Why It Doesn't Pay to Extend a Schedule

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Why It Doesn’t Pay to Extend a Schedule

Construction project schedules are extended for many reasons, one of which is to avoid turn-ing over an incomplete store to operations. While this sounds like a reasonable idea, the result would surprise you.
Research suggests that time extensions have limited impact on how well people use their time. The reasons? A Harvard Business Review article by Heidi Grant explains:

Problem #1: We Lose Motivation 

It was first observed by researchers in the early part of the last century that one’s motivation to reach a goalincreases as one’s distance from the goal de-creases. Psychologists call this largely unconscious mechanism the “Goal Looms Larger Effect,” meaning that the nearer you are to the finish line, the larger the goal “looms” in your mind — the more it dominates your thinking, and benefits from your attention.

Problem #2: We Procrastinate

When pressure is alleviated, it’s easier for those with a tendency to procrasti-nate to delay. Most procrastinators have a misconception that they work better under pres-sure. Psychologically, saying one works better under pressure makes zero sense, because “pressure” is just another way of saying “just barely sufficient time to complete whatever I’m doing.” It’s really far more accurate to say that if you are a procrastinator, you work be-cause there is pressure. Without pressure, you don’t work. Which is why push-ing back a deadline is absolutely terrible for procrastinators. (Though naturally, they are usually the ones asking for extensions in the first place.)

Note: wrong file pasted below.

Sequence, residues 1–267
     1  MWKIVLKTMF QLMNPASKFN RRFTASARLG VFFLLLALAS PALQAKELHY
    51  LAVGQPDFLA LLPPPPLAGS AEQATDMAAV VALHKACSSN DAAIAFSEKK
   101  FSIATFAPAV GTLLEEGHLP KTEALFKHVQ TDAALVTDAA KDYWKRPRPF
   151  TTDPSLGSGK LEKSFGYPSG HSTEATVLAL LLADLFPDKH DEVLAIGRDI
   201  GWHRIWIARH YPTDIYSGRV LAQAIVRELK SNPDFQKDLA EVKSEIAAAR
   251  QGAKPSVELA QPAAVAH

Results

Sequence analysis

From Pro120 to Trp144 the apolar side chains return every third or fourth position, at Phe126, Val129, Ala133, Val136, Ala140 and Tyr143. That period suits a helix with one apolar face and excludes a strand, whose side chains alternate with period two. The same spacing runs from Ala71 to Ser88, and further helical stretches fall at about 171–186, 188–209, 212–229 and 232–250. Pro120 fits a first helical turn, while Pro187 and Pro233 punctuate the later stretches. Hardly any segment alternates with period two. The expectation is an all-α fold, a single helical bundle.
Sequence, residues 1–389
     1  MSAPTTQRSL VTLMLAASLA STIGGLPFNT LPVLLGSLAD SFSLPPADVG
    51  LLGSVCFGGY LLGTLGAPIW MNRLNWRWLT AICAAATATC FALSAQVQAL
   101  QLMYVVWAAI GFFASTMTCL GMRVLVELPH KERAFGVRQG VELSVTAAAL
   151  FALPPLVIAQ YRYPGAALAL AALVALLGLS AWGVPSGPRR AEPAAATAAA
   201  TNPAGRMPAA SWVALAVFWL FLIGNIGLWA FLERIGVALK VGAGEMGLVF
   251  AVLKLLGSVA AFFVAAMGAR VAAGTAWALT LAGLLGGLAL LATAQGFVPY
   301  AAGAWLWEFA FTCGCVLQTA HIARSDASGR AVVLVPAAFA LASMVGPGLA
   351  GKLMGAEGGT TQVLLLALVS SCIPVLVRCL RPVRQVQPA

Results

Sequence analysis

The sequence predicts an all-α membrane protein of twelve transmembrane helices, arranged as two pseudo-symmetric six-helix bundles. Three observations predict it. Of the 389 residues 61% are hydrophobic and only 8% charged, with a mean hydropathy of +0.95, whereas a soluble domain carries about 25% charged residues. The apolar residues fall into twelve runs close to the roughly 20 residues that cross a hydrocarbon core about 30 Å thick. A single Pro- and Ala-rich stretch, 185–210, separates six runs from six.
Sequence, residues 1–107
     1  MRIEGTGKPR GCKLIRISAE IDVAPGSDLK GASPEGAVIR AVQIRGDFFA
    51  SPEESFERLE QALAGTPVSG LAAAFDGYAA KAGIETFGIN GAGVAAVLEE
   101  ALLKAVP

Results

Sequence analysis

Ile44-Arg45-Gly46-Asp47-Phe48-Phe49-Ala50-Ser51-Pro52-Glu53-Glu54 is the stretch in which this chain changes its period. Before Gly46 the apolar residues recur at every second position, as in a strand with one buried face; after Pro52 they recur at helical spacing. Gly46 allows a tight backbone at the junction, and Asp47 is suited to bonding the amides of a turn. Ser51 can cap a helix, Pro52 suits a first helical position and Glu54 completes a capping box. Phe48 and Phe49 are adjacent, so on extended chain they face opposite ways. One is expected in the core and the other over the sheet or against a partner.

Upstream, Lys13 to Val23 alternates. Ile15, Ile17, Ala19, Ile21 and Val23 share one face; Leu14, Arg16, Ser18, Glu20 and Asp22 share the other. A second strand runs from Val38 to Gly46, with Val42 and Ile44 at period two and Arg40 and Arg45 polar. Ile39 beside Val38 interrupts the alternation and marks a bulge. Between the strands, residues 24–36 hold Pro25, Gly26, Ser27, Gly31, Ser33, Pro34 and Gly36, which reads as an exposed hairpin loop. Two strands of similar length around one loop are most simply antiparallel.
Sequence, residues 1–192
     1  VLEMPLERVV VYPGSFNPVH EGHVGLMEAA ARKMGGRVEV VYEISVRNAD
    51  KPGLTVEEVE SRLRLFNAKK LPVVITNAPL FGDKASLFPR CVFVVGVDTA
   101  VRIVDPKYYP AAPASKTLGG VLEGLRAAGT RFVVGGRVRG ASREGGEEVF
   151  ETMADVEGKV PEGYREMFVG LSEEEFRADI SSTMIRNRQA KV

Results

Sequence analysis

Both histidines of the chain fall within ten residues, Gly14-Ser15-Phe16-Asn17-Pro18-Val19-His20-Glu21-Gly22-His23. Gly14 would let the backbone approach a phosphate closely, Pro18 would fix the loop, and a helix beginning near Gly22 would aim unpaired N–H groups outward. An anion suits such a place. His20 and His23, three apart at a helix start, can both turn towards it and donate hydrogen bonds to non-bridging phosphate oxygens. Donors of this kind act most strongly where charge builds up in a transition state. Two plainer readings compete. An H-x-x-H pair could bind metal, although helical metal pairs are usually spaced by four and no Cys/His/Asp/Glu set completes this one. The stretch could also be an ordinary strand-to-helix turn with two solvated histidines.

Problem #3: We Reallocate Resources

As soon as the pressure to complete a project is removed, resources are re-allo-cated to other pressing jobs or activities. It is then harder to get those resources back on-track once they’ve already diverted their attention.

How to Make Good Use of an Extended Deadline

If we want to solve Problems 1 & 2 — keeping motivation high and keeping the pressure on for procrastinators — we need to find ways to shorten the distance between where we are now and where we want to end up.

To solve Problem 3, the most effective solution is to impose interim deadlines, effectively breaking a larger goal up into discrete sub-goals spaced out strate-gically in time.

These deadlines need to be meaningful as well — if it’s no big deal to miss the deadline, then it’s not a real deadline. If it’s not possible to set interim dead-lines, then you really should try to avoid pushing back your deadline altogether. The odds are good that you’ll have little to show for it but wasted time.

 

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